“We have a portfolio of microbial strains that, we know from genetic analysis of their genomes and have experimentally verified as well, that they can biodegrade a long list of chemical compounds,” said Manuel Porcar, the company’s CEO.

Multiple studies report that a consortium of microbes that act together is more efficient than a single species. For its bioremediation projects, Darwin finds that simple consortia work better. “What we do is select the key players from the complexity out there and try to combine them,” said Porcar. “They have to be metabolically complementary, of course.“ These key players can belong to different groups of microbes as in nature.

Other solutions work with only a single group of microbes. Swedish startup MycoMine develops MycoCube, which, as the name suggests, is a fungal bioremediation tool. Compared to other microbes, fungi are “not so dependent on climate parameters like temperature and pH. They’re easy to grow, easy to handle, and they don’t need light,” said the startup’s CEO, Magnus Ivarsson.

Fungal remediation could be integral in the overall mission of eliminating mircoplastic waste.[mashabuba/Canva]

Ivarsson added that MycoCube’s portability means it can be installed where waste treatment is required. This reduces the cost and environmental impact of moving waste to a centralized treatment plant. It is also modular and is suitable for bioremediation needs ranging from smaller units to industrial-scale projects.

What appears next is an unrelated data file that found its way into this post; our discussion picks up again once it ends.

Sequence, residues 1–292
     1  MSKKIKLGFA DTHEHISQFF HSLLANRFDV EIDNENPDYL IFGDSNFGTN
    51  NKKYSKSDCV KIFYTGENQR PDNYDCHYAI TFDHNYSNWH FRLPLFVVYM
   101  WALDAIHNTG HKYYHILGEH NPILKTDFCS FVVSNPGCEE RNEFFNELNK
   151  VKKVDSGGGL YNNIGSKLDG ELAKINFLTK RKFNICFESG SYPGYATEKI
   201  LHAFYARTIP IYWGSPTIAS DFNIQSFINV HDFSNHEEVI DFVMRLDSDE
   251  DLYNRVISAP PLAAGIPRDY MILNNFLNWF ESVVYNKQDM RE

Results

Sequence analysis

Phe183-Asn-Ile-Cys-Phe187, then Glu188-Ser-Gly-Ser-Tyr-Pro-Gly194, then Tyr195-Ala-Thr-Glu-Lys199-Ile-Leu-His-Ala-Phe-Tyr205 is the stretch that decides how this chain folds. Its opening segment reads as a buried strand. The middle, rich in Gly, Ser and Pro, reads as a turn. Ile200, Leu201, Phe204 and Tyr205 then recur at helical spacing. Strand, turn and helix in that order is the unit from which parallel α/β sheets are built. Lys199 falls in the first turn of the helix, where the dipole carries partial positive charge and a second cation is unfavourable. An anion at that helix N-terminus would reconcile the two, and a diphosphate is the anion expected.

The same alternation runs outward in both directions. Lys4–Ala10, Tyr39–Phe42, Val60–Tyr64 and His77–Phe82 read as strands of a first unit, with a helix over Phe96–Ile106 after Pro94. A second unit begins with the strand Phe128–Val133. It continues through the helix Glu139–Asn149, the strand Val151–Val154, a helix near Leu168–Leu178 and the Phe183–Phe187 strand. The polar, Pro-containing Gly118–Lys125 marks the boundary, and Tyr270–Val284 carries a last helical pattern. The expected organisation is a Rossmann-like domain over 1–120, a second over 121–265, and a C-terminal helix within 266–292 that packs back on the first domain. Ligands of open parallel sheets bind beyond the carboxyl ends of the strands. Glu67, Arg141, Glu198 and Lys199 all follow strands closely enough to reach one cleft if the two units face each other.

Researchers are also engineering microbial species with improved plastic-degrading capabilities. However, they are limited in scope because of regulations against releasing genetically engineered microbes into the environment. 

Plastic-Eating Enzymes  

The catalytic activity of plastic-degrading microbes is due to the presence of enzymes that can act on chemical bonds in plastic polymers. Using enzymes instead of microbes is more cost-effective and versatile. As an alternative to microbes, synthetic biology companies and researchers are experimenting with enzymes as a bioremediation tool.

Bioengineer Sierin Lim of Nanyang Technology University in Singapore is tackling polyethylene terephthalate (PET) waste with microbial enzymes. The kind of enzymes we are working on are PETases,” said Lim. PETase was first isolated in 2016 from plastic waste collected in Japan.